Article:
Proposals are solicited for workshops or tutorial sessions to be held on August 25th, 2009 on topics related to the major themes of the conference: privacy, security, trust, eHealth, Human-Computer Interaction, eInnovation or eGovernment.  Detailed descriptions of each theme can be found linked from the congress website at

Tutorial/workshops attendance is included in the general conference registration, so proposals should be targeted for a general audience.  The preferred format is a half day session for the morning or afternoon.

Workshops are intended is to provide a platform for presenting ideas in a less formal and possibly more focused way than the conference itself. They should allow members of the community to interact and discuss approaches, methods, and concepts about specific topics.  They should offer a good opportunity for researchers to present their initial work and to obtain feedback from an interested community. Workshop organizers are responsible for establishing a program committee, collecting and evaluating submissions, notifying authors of acceptance or rejection in due time, and ensuring a transparent and fair selection process, organizing selected papers into sessions, and assigning session chairs.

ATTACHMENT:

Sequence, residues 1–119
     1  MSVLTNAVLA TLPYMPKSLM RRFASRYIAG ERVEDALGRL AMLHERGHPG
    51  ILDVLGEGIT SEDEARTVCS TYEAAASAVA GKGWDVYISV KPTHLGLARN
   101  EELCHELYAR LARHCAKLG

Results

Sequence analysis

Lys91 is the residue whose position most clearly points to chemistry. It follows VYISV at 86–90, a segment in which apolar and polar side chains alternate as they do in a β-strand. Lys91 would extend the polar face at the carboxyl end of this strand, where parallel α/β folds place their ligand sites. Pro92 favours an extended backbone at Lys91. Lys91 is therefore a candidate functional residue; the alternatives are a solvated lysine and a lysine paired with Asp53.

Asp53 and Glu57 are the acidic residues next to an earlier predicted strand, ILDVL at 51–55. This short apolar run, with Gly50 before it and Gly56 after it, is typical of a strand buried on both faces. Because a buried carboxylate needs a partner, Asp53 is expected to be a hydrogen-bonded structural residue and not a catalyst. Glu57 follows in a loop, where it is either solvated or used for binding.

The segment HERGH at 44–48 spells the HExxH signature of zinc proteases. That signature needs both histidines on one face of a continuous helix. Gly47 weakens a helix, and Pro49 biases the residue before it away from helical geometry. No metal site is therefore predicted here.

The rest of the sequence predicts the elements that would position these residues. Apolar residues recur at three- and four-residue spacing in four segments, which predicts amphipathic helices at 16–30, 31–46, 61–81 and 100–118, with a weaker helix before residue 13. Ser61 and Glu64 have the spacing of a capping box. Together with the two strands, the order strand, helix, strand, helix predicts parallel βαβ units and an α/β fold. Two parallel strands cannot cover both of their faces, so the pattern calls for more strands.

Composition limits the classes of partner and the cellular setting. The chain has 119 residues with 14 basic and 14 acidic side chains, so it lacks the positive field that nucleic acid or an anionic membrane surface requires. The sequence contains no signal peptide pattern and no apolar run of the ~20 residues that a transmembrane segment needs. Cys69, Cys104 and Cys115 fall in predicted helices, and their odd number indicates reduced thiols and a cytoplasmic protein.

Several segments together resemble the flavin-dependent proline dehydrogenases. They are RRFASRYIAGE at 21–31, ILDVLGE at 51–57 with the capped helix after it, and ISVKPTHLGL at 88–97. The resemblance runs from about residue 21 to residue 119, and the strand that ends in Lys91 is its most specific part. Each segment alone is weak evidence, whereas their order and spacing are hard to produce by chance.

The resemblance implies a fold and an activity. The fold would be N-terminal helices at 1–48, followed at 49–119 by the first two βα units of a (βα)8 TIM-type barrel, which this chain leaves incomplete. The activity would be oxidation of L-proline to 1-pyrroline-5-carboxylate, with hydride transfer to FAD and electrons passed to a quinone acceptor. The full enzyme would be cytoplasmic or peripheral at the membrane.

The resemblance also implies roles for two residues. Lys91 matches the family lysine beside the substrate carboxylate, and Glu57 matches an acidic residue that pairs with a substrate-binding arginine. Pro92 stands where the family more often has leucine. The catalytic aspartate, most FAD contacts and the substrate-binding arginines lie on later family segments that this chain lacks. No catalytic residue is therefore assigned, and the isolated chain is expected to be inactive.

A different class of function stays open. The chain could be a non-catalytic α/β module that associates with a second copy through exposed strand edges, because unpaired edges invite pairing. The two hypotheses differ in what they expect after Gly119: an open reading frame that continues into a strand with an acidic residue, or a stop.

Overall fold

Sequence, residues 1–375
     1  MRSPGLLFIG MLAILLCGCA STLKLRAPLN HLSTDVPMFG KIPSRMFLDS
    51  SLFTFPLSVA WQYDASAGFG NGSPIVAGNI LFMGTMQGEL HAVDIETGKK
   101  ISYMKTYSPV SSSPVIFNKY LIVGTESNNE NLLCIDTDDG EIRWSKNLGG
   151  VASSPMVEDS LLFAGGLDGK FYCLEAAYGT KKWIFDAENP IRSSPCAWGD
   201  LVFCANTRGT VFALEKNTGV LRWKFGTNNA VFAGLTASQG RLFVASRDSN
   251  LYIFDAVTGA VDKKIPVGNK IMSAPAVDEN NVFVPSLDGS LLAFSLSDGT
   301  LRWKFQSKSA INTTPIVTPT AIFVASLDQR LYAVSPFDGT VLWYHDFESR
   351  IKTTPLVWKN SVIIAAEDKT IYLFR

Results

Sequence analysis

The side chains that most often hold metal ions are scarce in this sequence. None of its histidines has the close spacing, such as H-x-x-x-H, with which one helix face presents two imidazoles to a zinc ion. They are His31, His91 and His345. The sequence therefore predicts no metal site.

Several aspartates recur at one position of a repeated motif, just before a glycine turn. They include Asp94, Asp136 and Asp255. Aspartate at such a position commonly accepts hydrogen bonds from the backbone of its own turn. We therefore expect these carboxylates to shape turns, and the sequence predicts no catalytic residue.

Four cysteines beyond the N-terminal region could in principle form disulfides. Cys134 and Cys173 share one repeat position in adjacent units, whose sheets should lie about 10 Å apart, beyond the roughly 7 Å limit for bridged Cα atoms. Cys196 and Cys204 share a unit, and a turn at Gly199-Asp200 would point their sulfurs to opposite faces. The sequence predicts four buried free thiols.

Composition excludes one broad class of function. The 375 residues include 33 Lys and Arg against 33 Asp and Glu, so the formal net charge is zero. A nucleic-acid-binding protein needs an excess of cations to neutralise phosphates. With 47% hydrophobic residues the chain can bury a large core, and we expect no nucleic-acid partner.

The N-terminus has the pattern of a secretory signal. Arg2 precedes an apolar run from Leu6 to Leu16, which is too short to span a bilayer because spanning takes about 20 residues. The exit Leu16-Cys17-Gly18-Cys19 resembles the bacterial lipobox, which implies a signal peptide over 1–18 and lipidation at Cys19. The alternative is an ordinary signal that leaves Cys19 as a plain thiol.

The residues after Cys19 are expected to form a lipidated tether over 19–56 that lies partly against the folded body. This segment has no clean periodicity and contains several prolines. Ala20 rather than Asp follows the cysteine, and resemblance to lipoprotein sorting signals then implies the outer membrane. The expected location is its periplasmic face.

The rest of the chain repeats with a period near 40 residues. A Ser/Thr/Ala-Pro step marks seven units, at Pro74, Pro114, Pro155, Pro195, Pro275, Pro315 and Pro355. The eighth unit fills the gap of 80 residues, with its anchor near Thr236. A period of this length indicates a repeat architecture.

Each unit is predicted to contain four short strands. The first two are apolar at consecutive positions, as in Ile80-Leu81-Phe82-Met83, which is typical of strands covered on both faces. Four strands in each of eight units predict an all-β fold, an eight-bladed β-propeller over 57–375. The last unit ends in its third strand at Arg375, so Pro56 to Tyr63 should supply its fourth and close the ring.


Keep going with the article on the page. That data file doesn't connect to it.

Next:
Tutorials should provide participants with information and instruction on well-established or new cutting-edge topics or tools (including technology demonstrations), relevant to the conference themes.  Introductory to advanced tutorial sessions are welcome.  They are intended to offer participants an opportunity to learn about new research or applications, to get an introduction to important established topics or tools, or to develop higher skill levels in areas in which they are already knowledgeable.

Any persons interested in developing a workshop or tutorial are invited to contact the workshop/tutorial chairs to discuss their proposal.

Workshop Proposal Format
Workshop title; Primary organizers, their affiliation, and contact details; Committee members with their affiliation; Proposed duration; A statement of goals for the workshop; Workshop theme; Likely participants.
Tutorial Proposal Format
A brief description of the instructor(s) indicating the relevant qualifications and teaching experience; Title and expected goals, objectives and motivation of the tutorial; Tutorial level: Introductory, Intermediate or Advanced; Intended audience; Detailed outline of the presentation.
Important Dates for Workshops/Tutorials
April 1, 2009: Workshop/Tutorial proposal submission due.
April 15, 2009: Feedback provided to the workshop/tutorial proposals. 
July 1, 2009: Final manuscript, author and tutorial attendee pre-registration due. 
August 25, 2009: Workshops and Tutorials 
Contact Information
Scott Buffett, National Research Council, Canada 
Scott.Buffett at

Edward Brown,  Memorial University, Canada
brown at